The piston for our 408 is an off-the-shelf Mahle item. For a stroker motor, piston and ring selection is more important to the engine's final output than it is with a shorter-stroke motor. The reason is piston-to-bore wall friction. The use of a longer stroke not only means a greater distance for friction to operate over, but also a piston-to-wall side-loading penalty because of greater rod angularity. All this means that some of the advantage of the extra cubes can be easily squandered to the evils of friction. The Mahle piston seeks to offset frictional losses, and past experience with these pistons shows they do just that. The most obvious move to reduce friction is the skirt coating, but that's only the start. The main deal is the ring pack used by Mahle. Instead of the usual 1/16-1/16-3/16 rings, these use a 1.5mm-1.5mm-4mm ring pack that installs into a much shallower ring groove. The result is not only a ring pack that weighs about 55 percent of the usual, but also a ring pack that requires less radial pressure on the cylinder walls to get the job of sealing done. I haven't done any back-to-back tests, but I have heard some engine builders talking a 15hp improvement with these pistons over a piston with a regular ring pack. The other nice thing is by the time the rings are figured into the price, (they come with the pistons), these Mahle pistons work out to be a good deal for what is essentially a real high-performance item.

The last item on the agenda for the bottom end is the pan. Stroker motors are a lot more sensitive here than a stock stroke build. With a four-inch stroke, the rotating assembly can more easily pick up and entrain oil, as well as hit the pan rail. To avoid this, a suitable Moroso pan is essential. Fortunately, Moroso has a variety of pans that will work with most chassis, so a phone call is all that's needed should you want to duplicate this 408 in any way.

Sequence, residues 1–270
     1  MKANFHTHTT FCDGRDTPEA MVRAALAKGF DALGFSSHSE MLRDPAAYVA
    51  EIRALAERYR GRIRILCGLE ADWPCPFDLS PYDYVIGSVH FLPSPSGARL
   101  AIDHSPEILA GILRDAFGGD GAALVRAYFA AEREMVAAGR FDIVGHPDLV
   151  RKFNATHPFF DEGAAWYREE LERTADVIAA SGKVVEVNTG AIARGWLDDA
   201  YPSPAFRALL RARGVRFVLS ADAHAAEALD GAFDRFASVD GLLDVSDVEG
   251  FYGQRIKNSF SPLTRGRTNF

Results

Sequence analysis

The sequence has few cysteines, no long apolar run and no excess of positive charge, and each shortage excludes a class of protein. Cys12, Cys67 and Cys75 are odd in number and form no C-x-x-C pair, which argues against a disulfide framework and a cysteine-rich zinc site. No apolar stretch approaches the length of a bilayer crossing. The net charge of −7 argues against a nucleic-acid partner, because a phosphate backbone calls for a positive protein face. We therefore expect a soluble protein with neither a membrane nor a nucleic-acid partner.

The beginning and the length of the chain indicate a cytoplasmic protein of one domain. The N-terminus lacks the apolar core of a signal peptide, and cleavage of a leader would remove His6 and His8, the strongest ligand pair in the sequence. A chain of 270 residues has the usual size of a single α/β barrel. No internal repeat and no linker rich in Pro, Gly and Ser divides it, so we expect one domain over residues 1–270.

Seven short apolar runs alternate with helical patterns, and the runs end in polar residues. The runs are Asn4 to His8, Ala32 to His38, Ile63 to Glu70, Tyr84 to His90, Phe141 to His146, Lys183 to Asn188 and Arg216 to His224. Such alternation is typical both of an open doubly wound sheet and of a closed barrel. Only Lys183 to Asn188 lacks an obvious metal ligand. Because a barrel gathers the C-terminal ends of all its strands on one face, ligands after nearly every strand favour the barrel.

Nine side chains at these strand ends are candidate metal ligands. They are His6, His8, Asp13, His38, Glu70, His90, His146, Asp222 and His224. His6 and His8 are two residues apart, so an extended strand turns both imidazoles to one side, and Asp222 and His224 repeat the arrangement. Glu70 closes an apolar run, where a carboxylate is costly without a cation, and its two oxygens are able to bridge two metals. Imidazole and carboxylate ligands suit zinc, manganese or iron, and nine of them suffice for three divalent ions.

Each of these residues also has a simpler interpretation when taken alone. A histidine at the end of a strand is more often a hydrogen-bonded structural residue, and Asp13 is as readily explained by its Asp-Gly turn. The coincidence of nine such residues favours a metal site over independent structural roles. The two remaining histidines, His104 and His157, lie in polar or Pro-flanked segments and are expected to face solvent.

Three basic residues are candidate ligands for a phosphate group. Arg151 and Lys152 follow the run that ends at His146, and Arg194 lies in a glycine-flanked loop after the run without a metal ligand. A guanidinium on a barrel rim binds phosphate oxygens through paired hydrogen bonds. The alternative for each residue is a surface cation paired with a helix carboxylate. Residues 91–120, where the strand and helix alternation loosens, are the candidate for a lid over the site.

Camshaft
Now here's something different. The cam for our 408 was from a new range that I've been working on with Comp Cams. So often, you can look through a catalog and the application given for any particular cam is really vague if you just go by what the catalog describes. (As if a cam described for a 262-inch small-block is equally ideal for a 400-plus-inch small-block!) It could be said that 99 percent of catalog cams are semi-generic. On top of this, it can easily take 20-30 minutes of studying the catalog to come up with a cam that, unless you are well-versed in the art of cam selection, may, at best, only be a passable selection. For those with less than professional experience, there is always a degree of uncertainly with the selection process.